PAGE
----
On January 7, Simple announced they will cease operations this year and transition all account servicing to BBVA USA. This is an intensely disappointing turn of events, but unsurprising after the November 16, 2020 that PNC is buying BBVA USA. Thus, an ode to Simple is due.

I started following Simple when they were still BankSimple, probably in 2010 or 2011. When I got my first job with direct deposit, it went to Simple. The customer service, especially early on, was top shelf. The mobile app and website were useful and provided actual insight into my cash flow.

Simple’s digital envelopes, called Goals, were killer. I was stashing money away for bills and travel. I could actually see what money was already spoken for, with the remaining dollars shown as Safe-to-Spend. Some people liked Goals that automatically pulled money from Safe-to-Spend each day until a target date. I preferred manually moving funds each payday.

Later, they added Expenses and Funding Schedules. With these two features, I could set up recurring expenses (car payment monthly, car insurance every 6 months, domain and webhosting annually) to have money automatically set aside on a regular basis (coinciding with my bi-weekly direct deposit). It was auto-pilot budgeting that actually helped me plan ahead and grow my savings.

Speaking of which, Simple introduced a Protected Goal for emergency funds – a goal that would not be affected if you tried to make a purchase your spending account could not cover. It paid interest at 2.2%, easily one of the highest savings rates available prior to the pandemic.

Simple’s banking experience is superior to every other bank or fintech company. I had built-in budgeting and analysis tools, mobile deposit, and even paper checks for the occasional time travel episode. No one comes close.

Well, it took some finagling, and still needs some adjustments, but I’ve modified the Attila theme so my Ghost blog somewhat accomodates microposts.

What do you get when our family, who doesn’t typically watch American football, has a Super Bowl party by ourselves? Green chile enchiladas, 7 layer dip, tres leches, rum balls, and turkey-pickle-cheddar rolls. And of course, coffee. 😋

Over the last week, I have been working on incorporating microblogging – short, untitled posts – into my new Ghost blog. This is some short documentation on how it’s currently set up.

First, I label each micropost with an internal tag, #note. This can be used to remove the title field of microposts from the post list and individual post pages, create a separate collection, and customize the RSS feed.

Title and permalink

I am using the Attila theme. In this theme, we need to modify /partials/loop.hbs and /post.hbs to do two things with microposts: 1) not display the title and 2) use the date as the permalink.

Here is the code to not show the title:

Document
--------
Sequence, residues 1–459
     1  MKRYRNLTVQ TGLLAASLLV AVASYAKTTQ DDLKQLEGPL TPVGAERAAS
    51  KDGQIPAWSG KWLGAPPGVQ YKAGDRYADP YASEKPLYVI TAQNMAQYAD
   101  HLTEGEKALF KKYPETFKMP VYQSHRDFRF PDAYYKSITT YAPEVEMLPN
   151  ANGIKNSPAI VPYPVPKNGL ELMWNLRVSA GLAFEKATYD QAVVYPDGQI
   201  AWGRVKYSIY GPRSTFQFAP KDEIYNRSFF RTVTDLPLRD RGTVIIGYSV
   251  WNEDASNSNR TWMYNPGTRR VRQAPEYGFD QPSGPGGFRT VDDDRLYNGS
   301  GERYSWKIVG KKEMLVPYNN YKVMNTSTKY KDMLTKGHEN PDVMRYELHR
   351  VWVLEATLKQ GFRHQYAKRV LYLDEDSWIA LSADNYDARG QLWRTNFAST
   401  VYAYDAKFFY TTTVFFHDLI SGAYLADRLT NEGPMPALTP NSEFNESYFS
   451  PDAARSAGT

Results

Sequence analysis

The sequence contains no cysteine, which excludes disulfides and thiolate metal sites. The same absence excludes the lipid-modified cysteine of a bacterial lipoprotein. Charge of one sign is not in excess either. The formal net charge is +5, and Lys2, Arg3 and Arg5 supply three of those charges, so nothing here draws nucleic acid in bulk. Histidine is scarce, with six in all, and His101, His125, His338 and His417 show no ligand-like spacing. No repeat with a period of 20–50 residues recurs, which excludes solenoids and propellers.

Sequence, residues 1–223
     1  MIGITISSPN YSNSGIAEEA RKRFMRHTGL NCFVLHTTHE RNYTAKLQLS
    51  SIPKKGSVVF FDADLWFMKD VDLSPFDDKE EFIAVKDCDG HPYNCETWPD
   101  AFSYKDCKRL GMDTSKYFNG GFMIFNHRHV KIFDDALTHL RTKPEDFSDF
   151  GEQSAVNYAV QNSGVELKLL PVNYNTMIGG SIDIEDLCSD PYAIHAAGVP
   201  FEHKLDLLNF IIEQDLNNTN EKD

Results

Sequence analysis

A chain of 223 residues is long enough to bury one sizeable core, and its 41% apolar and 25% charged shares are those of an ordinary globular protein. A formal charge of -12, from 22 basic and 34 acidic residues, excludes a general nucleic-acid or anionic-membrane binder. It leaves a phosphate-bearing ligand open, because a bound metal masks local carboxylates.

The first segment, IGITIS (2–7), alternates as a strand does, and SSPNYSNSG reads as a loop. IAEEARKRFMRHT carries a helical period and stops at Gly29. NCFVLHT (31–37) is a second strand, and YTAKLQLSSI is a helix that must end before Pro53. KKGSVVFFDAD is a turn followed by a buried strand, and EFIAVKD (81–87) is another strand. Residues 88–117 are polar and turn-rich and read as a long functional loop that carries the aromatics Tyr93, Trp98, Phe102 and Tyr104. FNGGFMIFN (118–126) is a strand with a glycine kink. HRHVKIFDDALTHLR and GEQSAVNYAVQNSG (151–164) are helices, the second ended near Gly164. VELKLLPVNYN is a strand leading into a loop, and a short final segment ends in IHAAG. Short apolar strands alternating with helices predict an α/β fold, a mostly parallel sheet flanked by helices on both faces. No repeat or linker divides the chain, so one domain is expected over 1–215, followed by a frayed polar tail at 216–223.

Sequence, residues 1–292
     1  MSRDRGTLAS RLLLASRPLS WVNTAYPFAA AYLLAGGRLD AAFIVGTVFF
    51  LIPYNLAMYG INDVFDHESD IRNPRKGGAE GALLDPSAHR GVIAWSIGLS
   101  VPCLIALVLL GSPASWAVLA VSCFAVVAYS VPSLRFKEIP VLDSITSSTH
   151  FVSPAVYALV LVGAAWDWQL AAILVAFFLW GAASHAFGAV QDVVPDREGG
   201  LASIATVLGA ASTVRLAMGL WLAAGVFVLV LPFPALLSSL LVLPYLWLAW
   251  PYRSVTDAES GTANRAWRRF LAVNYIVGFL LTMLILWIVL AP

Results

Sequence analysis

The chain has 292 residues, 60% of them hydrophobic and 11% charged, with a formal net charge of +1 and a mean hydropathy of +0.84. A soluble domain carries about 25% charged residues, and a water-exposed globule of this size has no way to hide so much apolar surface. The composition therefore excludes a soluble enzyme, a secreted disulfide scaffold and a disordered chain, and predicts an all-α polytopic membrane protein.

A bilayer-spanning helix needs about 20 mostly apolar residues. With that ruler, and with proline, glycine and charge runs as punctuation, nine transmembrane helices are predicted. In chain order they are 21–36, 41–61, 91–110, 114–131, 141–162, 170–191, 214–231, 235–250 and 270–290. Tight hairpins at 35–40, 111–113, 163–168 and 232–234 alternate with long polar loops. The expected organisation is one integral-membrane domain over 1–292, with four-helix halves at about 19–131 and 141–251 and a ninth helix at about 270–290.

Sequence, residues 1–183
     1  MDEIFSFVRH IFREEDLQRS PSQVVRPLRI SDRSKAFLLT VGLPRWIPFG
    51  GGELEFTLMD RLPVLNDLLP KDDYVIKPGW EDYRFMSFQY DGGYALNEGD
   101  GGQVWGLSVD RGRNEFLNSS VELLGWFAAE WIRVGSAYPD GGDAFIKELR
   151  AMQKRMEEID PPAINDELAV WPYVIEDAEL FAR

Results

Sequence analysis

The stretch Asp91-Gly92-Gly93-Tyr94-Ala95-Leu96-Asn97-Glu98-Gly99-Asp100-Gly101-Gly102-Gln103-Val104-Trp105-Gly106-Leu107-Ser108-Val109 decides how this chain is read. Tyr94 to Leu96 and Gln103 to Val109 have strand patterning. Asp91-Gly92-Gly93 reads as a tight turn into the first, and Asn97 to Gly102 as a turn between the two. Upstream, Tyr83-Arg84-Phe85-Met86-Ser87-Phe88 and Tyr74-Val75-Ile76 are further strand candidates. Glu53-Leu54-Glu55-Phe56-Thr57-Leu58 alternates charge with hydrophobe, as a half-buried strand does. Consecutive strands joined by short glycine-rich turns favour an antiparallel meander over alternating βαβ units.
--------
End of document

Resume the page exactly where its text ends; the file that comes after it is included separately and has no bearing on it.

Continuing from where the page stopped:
{{^has tag="#note"}}
    <h1 class="post-title">{{{title}}}</h1>
{{/has}}

And here is the code for using the date as the permalink:

{{#has tag="#note"}}
    <a href="{{url}}">{{ date published_at format = "HH:mm"}} | {{date published_at format = "DD MMM YYYY"}}</a>
{{else}}
    <a href="{{url}}">{{date published_at format="DD MMM YYYY"}}</a>
{{/has}}

Collections

You might prefer your microposts to be separate from longer posts. In this case, modify routes.yaml according to the official documentation.

It might look something like this:

collections:
  /:
    permalink: /{slug}/
    template: index
    filter: tag:-hash-note
  /notes/:
    permalink: /notes/{slug}
    template: index
    filter: tag:hash-note

RSS feed

For the time being, I have chosen to keep all my posts in one feed. Here’s the official documentation on Custom RSS.

My routes.yaml includes:

routes:
  /rss/:
    template: custom-rss
    content_type: text/xml

And my custom-rss.hbs template looks like this:

<rss xmlns:dc="http://purl.org/dc/elements/1.1/" xmlns:content="http://purl.org/rss/1.0/modules/content/" xmlns:atom="http://www.w3.org/2005/Atom" xmlns:media="http://search.yahoo.com/mrss/" version="2.0">
    <channel>
        <title><![CDATA[ {{@blog.title}} ]]></title>
        <description><![CDATA[ {{@blog.description}} ]]></description>
        <link>{{@blog.url}}</link>
        <image>
            <url>{{@blog.url}}/favicon.png</url>
            <title>{{@blog.title}}</title>
            <link>{{@blog.url}}</link>
        </image>
        <lastBuildDate>{{date format="ddd, DD MMM YYYY HH:mm:ss ZZ"}}</lastBuildDate>
        <atom:link href="{{@blog.url}}" rel="self" type="application/rss+xml"/>
        <ttl>60</ttl>

        {{#get "posts" limit="all" include="tags"}}
            {{#foreach posts}}
                <item>
                    {{^has tag="#note"}}
                    <title><![CDATA[ {{title}} ]]></title>
                    {{/has}}
                    <link>{{url absolute="true"}}</link>
                    <guid isPermalink="false">{{id}}</guid>
                    <pubDate>{{date format="ddd, DD MMM YYYY HH:mm ZZ"}}</pubDate>
                    <content:encoded><![CDATA[ {{content}} ]]></content:encoded>
                </item>
            {{/foreach}}
        {{/get}}
    </channel>
</rss>

When I was customizing RSS, there were two simple mistakes that took me a while to realize. One, YAML syntax is particular – you must put /rss/: on the line immediately under routes:, and you must use two-space indentation correctly. Two, the template must be in the correct folder.

If you want to learn more about microblogging, start here.